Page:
Standard engineering, however, is a bit closer to science in this regard. In an idealized competitive world, only the best design would do. And choosing the one best design, like choosing the one true theory, would mean choosing the uniquely right possibility for each part. In the real world, of course, the best isn't necessary, but competitive pressures still narrow the acceptable choices.

Further, in standard engineering it isn't enough to establish that there is a workable design, somewhere in a forest of alternatives—one must propose a specific design, build it, and live with the consequences. Time and budgets are limited, and the failure of a large system may leave no resources for another try. In our model above, this would mean making five choices with a 50-50 chance of success with each part, making the overall chance of success about 3%. (This motivates careful testing of parts before building systems.)

All these factors combine to make exploratory engineering more feasible than it might seem. Designs need not be competitive with other, similar designs; they need only be workable. To make them workable, they can be grossly overdesigned to compensate for uncertainties. Since their purpose is to provide a case for a possibility, not a blueprint to guide manufacture, they can omit details and include room for adjustment. All this makes it easier to build a solid case for specific kinds of mechanisms, yet concepts for whole systems of mechanisms can be solid even if they are built on layer upon layer of shaky cases for specific parts.

Exploring nanotechnology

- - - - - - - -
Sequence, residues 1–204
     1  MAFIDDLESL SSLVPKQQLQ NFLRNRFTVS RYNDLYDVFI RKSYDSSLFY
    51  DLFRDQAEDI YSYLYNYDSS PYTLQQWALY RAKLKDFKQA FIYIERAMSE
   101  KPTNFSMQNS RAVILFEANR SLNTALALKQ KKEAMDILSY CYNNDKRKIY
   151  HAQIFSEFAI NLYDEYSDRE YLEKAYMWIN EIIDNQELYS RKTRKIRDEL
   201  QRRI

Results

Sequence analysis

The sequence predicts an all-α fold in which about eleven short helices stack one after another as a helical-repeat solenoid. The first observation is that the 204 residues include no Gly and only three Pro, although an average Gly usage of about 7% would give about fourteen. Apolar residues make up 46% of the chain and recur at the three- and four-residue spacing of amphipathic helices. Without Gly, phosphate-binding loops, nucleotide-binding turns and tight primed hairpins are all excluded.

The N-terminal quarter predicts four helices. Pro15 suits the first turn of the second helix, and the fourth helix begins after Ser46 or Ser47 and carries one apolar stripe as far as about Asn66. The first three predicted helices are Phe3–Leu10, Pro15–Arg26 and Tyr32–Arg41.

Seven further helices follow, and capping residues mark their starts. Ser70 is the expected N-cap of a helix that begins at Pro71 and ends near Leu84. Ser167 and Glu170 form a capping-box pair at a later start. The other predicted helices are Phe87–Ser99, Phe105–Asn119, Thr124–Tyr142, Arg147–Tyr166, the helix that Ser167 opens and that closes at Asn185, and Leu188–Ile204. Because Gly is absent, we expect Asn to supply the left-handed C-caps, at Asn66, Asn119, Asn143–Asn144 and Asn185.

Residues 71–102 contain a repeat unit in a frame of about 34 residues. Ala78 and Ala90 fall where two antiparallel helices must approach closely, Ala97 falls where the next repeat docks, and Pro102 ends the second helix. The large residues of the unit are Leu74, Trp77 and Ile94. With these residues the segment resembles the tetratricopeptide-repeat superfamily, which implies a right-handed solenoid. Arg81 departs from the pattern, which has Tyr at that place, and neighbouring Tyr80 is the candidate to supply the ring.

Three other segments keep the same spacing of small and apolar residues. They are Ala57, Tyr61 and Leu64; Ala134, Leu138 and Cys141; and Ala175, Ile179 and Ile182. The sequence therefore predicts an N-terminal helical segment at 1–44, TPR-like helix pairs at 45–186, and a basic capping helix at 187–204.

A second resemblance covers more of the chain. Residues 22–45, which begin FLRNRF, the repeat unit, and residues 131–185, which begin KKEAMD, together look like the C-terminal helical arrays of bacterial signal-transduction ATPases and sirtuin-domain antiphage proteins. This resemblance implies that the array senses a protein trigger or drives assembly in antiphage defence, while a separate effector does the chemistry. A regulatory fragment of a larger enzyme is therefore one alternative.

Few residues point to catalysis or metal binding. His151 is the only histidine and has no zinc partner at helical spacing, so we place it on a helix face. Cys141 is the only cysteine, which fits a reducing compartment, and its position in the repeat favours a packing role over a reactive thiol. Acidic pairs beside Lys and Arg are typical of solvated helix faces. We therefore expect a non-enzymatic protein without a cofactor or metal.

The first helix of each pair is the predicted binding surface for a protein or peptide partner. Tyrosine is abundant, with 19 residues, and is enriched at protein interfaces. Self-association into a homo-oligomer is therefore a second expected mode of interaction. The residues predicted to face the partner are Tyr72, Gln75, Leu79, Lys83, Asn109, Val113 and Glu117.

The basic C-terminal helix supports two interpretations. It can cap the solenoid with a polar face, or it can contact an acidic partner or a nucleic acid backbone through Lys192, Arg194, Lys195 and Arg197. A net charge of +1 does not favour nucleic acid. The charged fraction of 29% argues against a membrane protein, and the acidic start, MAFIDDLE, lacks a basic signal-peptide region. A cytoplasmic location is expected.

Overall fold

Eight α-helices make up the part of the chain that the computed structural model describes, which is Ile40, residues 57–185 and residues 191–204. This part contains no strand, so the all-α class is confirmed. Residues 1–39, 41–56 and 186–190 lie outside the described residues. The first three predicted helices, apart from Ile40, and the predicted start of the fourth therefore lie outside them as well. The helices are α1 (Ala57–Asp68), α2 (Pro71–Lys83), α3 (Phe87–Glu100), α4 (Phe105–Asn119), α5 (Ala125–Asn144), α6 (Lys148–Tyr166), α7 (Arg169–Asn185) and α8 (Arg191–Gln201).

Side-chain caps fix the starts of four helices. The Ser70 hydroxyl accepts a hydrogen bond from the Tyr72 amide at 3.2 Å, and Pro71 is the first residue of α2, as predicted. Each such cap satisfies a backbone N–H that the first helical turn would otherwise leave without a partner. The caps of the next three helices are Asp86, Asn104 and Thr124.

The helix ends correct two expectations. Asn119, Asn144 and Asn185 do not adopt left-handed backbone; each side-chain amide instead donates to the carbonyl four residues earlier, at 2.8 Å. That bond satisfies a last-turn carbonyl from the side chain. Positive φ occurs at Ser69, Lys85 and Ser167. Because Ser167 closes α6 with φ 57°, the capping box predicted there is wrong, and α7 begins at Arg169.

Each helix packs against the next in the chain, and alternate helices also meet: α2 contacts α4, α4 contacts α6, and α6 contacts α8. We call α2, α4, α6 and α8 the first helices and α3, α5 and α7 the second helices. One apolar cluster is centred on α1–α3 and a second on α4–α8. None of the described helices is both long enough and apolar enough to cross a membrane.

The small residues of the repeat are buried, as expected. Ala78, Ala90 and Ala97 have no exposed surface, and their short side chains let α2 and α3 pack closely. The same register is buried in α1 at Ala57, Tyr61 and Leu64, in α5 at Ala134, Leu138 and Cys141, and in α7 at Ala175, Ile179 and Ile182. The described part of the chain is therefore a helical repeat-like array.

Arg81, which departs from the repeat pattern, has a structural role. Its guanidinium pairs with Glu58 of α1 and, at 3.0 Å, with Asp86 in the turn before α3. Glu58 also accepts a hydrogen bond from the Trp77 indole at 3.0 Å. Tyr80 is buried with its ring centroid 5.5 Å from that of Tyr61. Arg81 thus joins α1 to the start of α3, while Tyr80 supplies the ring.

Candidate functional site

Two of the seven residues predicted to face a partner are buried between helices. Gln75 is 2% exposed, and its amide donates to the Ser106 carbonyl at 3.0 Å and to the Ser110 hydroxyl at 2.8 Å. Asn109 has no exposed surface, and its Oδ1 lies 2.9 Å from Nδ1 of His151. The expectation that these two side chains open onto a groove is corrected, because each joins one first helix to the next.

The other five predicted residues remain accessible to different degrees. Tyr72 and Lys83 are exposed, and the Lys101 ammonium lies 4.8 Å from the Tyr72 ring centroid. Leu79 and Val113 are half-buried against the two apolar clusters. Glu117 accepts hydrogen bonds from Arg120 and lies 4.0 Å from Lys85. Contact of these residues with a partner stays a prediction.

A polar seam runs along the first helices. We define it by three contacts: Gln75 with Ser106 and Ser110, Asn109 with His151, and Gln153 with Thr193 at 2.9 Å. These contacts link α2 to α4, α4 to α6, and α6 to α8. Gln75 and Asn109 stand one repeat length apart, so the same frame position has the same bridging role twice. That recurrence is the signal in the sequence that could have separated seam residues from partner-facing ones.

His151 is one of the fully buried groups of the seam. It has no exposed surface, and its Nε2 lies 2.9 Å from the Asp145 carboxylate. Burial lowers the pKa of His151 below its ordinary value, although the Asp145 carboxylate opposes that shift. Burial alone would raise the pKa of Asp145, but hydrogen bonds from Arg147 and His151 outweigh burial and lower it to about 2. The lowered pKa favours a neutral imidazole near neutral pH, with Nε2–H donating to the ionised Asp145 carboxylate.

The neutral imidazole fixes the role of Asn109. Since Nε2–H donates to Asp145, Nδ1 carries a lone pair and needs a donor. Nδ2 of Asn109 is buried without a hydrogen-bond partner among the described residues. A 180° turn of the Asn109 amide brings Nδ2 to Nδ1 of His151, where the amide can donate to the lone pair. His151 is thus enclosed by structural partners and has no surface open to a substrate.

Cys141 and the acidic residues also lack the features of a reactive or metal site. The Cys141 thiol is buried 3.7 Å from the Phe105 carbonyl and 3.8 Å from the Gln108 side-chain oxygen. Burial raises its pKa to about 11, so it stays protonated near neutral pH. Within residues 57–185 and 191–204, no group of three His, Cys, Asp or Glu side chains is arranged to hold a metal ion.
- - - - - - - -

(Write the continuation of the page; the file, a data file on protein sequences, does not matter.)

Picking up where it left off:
In the first half of the twentieth century, work in exploratory engineering pursuaded knowledgeable individuals that spaceflight would be possible. Today, the most important field for exploratory engineering is perhaps nanotechnology: it is clearly foreseeable and will be of immense practical importance. It can serve as a prime specimen of the process.

Nanotechnology is (or, rather, will be) a technology based on a general ability to build objects to complex, atomic specifications. We live in a world made out of atoms, and how those atoms are arranged makes a tremendous difference. This is why nanotechnology will make a tremendous difference. Nanotechnology will be based on molecular machines and molecular electronic devices. With computers and robotic arms smaller than a living cell, it will enable the construction of almost anything, building up structures atom by atom. Among the products will be:

  • Pocket computers with more memory and computational capacity than all the computers in the world today put together.
  • Large objects, such as spacecraft, made from light, superstrong materials and as cheap (pound for pound) as wood or hay.
  • Machines able to enter and repair living cells, giving medicine surgical control at the molecular level.

How can one draw such conclusions? A more detailed exposition is spread over several papers and a book (Engines of Creation, Anchor/Doubleday, 1986 [Editor's note: for a more technical analysis, see Dr. Drexler's 1992 book Nanosystems: Molecular Machinery, Manufacturing, and Computation]), but the outlines are straightforward.

The idea of nanotechnology resulted from applying an engineering perspective to the discoveries of molecular biology, and one path to nanotechnology lies through further advances in biotechnology. Regardless of how nanotechnology emerges, however, the facts of molecular biology provide a direct demonstration of principles that can be used by future molecular machines. (A rule of exploratory engineering: if one knows that it happens, one can assume it is possible.)

Multiple paths—including advances in organic chemistry and micromanipulation—lead from present technology toward a technology able to build complex molecular structures, including molecular machines able to build better molecular machines. The conclusion that we can build such machines gains strength from what may be termed our "uncertainty regarding how to proceed"—that is, from the presence of many apparently workable options. This uncertainty does not spill over into nanotechnology itself, however, because all these developmental paths lead to the same destination, to molecular assemblers able to manipulate reactive molecules to build complex structures atoms by atom.